Far be it from me to take a cynical view on things (cue crickets and an Edna Krabappel laugh) but am I the only one who thinks that the release of this season's most eagerly anticipated video game experience is surreptitiously constraining its players under the guise of freedom and creativity?
Spore, for those who don't care for video games at all, is a Massively Multiplayer Online game that allows every player to be the god of their own world from the "pimp my bacterium" stage all the way up to their own private Death Star. It promises the freedom to create shared environments that go beyond anything before. It sells itself with the self-gratifying narrative hook: "What they never realized was that all along the way, from humble microbes to starship captains, someone had guided them at every turn... and that someone is you."
Now I suppose my following rationale will all come down to construct of reality that are probably far better left for a professor of metaphysics or Jeff Spicoli, but since neither of them are around, try this on for size. Spore is selling itself on three core ideas: 1) that you will have freedom to exercise your creativity, 2) that your ego will be so satisfied by the fact that you made a creature with a phallus sticking out of its chest, you will have no choice but to propogate your species, and 3) that the game itself holds more creative license over your time and energy than your actual life does.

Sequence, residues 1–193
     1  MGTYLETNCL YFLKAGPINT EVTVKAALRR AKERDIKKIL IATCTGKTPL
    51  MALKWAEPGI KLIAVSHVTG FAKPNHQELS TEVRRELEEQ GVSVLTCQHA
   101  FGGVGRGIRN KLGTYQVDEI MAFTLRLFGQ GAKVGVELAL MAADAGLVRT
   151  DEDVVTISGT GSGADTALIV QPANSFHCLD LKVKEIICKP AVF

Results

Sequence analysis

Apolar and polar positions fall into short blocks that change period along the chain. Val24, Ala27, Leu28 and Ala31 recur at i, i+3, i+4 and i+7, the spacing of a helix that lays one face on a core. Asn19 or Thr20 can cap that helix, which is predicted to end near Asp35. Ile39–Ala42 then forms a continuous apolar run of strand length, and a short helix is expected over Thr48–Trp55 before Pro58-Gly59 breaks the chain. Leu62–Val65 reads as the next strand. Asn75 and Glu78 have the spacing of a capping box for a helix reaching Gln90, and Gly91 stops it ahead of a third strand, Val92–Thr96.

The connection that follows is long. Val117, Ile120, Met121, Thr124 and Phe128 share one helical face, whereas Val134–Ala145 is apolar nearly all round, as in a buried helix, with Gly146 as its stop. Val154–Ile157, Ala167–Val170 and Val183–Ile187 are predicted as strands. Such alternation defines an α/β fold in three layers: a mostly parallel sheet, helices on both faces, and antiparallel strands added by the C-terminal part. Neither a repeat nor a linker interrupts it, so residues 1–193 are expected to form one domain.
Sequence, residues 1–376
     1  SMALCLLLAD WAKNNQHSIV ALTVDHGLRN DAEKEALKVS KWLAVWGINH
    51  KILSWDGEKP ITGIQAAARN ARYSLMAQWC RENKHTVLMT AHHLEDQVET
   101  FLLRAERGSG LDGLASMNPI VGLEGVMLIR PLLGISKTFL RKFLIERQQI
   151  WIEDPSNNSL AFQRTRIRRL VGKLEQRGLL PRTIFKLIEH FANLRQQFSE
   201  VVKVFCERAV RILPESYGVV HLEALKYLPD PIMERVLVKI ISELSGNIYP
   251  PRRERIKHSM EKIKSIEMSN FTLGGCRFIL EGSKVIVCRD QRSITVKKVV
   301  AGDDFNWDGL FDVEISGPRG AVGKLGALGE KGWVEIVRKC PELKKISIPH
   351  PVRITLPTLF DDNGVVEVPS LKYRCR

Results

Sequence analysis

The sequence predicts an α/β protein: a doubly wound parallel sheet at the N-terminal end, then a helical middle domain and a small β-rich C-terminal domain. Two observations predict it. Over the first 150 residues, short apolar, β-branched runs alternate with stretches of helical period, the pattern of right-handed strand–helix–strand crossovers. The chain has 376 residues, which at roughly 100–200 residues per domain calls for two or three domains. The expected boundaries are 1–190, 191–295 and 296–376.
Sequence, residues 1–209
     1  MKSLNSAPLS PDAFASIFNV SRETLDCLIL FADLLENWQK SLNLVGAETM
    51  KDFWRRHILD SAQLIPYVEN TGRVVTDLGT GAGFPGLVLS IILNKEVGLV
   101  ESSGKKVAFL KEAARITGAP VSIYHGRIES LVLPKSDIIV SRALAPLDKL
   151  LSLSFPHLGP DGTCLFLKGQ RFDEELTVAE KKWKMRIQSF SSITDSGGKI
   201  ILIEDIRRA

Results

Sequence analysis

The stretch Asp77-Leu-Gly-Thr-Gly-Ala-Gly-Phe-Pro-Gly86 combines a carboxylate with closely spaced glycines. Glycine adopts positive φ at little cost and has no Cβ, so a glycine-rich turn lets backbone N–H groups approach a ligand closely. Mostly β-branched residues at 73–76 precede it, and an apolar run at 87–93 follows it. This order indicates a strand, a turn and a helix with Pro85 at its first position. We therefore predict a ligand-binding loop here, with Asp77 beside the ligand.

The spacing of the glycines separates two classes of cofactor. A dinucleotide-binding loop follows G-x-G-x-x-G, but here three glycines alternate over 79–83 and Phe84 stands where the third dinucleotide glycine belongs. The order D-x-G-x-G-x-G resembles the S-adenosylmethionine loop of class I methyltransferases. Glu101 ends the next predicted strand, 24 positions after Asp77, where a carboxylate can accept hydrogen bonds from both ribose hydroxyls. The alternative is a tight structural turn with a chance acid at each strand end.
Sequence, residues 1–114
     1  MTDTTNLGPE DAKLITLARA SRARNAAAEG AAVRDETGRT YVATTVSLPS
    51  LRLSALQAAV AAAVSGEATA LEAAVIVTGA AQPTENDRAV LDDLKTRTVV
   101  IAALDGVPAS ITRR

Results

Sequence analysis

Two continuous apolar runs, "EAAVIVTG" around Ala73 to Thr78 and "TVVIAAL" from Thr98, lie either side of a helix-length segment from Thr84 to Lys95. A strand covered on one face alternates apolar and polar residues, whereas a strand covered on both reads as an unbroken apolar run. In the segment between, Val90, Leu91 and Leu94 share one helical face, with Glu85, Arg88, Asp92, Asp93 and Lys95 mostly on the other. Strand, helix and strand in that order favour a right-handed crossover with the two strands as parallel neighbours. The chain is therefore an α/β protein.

Let's really take a critical look at a product that's supposed to "foster" creativity.
I realize that the creative process in most aspects of life is frought with parameters that we must learn to live with or submit to in frustration. While a piano player is limited by the instrument and the painter is limited by the canvas, we certainly applaud the pursuits of those artists and craftspeople who, within the boundaries of their fields, work creative achievement to levels we never thought possible. A game like Spore (and Civilization, the Sims and Sim City before it) may work as a noble attempt at entertainment (as subjective as the appreciation for various media is) but it is certainly a step down in basic creativity from even the act of picking up a crayon and coloring outside the lines.
I apologize in advance, but I'm gonna go all aesthetic here (and that doesn't mean I'm getting my eyebrows waxed). The artistic process must be unabridged, untethered, unfetterd and any other "un-" word you care to include. Spore, as any game, is like a giant jigsaw puzzle that needs to be assembled to complete the experience (and I'll admit, in Spore's case, the puzzle look wicked cool and contains millions of pieces). The only way to exercise individual creativity in assembling a puzzle is to screw it up to the point that the picture on the box becomes irrelevant.